Home town and state -- Boston, Mass.
High School -- The Roxbury Latin School
Seminary Attending -- Pontifical North American College, Fourth Theology
What are some of the factors that led to your decision to enter the seminary and discern the question of a vocation to the priesthood?
Any experience of the rationality and goodness of faith in Christ can lead someone to their vocation. St. Augustine's maxim, "Love God and do as you please" is sound advice if approached with a well-formed conscience and pure intentions. Once your desires are fixed on Christ, the message of Psalm 37 encapsulates the "end game" of discernment: "Take delight in the Lord, and he will give you the desires of your heart." While some men experience a singular moment of clarity while discerning, others, like myself, experienced a more gradual movement of thought and intention toward pursuing the priestly vocation in earnest. As grace built up over time, I saw how good the priesthood was, and wanted more and more to investigate whether it was for me. Two additional motives urged me on as I discerned: the awe-inspiring role of the priest as an image of Christ and conduit of grace, and his position to explain and spread the gospel.
Who are some of the people who influenced your decision to enter the seminary? What is it about them that assisted you?
The most compelling inspirations have come from the witness of faithful Catholics and Catholic communities living out ordinary lives with an eye toward holiness and progress in the spiritual life. This came to me in the persons of my pastors, spiritual directors, family, my college chaplaincy and friends, and my closest peers' discovery of their own callings, both to marriage and consecrated life. In addition, admiration for Pope John Paul II's life helped crystallize some of my thoughts on life lived in service of the Church.
What would you say is the role of prayer in the life of a seminarian and what effect does it have on one's ability to see God's call?
Life as a seminarian follows the same spiritual trends as that of any Christian seeking to follow the path God has set for him. If one allows prayer to lapse in any vocation it becomes more difficult to maintain a firm sense of direction and confidence in pursuing it. But if prayer is integrated fully into one's daily life, a seminarian will know with great clarity, before long, whether or not he's on the right path. If a seminarian is on the right path and is faithful to prayer, he can expect great consolations and strength sufficient to carry out what God has asked him to do.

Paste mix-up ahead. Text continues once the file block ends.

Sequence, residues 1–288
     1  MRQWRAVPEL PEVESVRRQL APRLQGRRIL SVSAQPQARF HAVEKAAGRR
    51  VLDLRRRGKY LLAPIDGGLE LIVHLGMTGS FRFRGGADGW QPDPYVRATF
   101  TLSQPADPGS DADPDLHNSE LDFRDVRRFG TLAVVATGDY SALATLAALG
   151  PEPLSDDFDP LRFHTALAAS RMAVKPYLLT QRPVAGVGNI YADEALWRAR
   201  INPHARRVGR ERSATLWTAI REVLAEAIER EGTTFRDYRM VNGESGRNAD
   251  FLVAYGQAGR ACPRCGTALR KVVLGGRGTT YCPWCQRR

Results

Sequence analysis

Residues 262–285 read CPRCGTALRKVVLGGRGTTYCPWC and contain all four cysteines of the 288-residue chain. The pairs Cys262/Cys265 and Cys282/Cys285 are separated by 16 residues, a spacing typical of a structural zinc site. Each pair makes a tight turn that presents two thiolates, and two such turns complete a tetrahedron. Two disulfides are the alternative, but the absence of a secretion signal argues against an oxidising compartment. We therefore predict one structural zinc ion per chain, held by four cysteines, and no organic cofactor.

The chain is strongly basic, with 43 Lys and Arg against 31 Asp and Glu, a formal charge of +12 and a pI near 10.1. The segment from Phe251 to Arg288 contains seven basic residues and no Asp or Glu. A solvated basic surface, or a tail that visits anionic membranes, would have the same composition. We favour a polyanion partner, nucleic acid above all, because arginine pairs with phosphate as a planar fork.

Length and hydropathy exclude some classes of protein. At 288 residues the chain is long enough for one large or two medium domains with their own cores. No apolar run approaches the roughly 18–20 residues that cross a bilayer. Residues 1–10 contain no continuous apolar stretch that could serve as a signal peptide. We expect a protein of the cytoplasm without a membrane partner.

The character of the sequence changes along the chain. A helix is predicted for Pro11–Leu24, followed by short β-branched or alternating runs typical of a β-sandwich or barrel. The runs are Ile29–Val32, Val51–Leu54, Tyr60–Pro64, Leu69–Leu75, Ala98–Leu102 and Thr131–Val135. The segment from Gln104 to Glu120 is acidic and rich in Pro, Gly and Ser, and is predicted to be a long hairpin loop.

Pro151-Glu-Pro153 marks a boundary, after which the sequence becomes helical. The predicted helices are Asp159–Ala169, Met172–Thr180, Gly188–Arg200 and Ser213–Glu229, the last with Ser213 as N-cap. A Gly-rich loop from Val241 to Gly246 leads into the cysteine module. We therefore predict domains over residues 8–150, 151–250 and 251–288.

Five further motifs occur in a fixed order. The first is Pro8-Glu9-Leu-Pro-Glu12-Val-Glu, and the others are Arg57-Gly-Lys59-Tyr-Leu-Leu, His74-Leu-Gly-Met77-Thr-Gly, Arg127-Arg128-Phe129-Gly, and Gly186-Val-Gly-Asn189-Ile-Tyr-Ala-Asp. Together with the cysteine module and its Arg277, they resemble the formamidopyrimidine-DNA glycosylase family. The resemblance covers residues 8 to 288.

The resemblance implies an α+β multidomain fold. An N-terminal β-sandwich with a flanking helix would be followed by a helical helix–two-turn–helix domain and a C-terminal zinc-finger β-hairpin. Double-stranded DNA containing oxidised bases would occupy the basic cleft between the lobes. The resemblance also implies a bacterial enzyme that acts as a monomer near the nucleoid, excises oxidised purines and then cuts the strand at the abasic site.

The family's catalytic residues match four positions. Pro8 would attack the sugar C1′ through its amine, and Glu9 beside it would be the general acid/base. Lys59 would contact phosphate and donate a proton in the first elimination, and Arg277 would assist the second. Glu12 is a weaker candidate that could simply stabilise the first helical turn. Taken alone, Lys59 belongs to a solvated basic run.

What advice would you give to a man who thinking about his vocation and is considering that God may be calling him to be a priest?
On the one hand, don't be afraid to take action: Very few life-decisions can be made purely in the abstract. Imagine trying to discern marriage just by thinking about it, and you'll see what I mean. Just as the only way to truly discern marriage is to get to know a potential spouse, the only way to discern priesthood or another consecrated state is to get to know the Church, the spouse of every priest.
On the practical level, get to know a vocation director, visit a seminary, set aside time for a discernment retreat, look to the example of extraordinary priests, and pray constantly. Above all, be open to whatever God wants for you, knowing that you can't possibly lose out by doing so. And lastly, find a trustworthy priest who's willing to meet with you regularly for spiritual direction, lending a second mind to listen in on your thoughts and progress in the spiritual life.
What do you like most about being a seminarian?
Some of the best day-to-day parts of seminary life are the sense of collegiality and common purpose. Everyone in the house -- and it has the feel of a house, not a dormitory -- has the same goal in mind: discerning more clearly God's call, and following through with it, growing in love of Christ and the Church along the way. That common goal along with an authentic sense of Christian community -- smoothes over any differences between us.
What do you think is the greatest challenge facing a man who is considering the seminary?
The primary challenge is undoubtedly fear. Fear of discovering a vocation to the priesthood but not mustering the courage to pursue it, and in other cases, fear of discovering that one might not have a priestly calling. Like the irrational desire not to go to the doctor for fear of receiving bad news, some men shy away from the seminary because they're worried about what God may or may not ask them to do with their lives and talents. Our culture tells us to "find ourselves," but the daily life of the seminary helps men to find God first. That inward-directed mode of "discernment" is a hallmark of today's culture, which savors indecision more than commitment. That's why, in a way, the greatest challenge facing discerning men is that they make a "final" decision about their calling before getting sufficiently far along in their discernment. The more men see the seminary as an optimal place for discernment, the better their discernment will be.
Seminarian Spotlight is a collaborative effort between The Pilot and the Archdiocese of Boston's Office for Vocations to introduce readers to the men preparing for priesthood in the archdiocese. More seminarian profiles and information on discerning a vocation are available at www.VocationsBoston.org.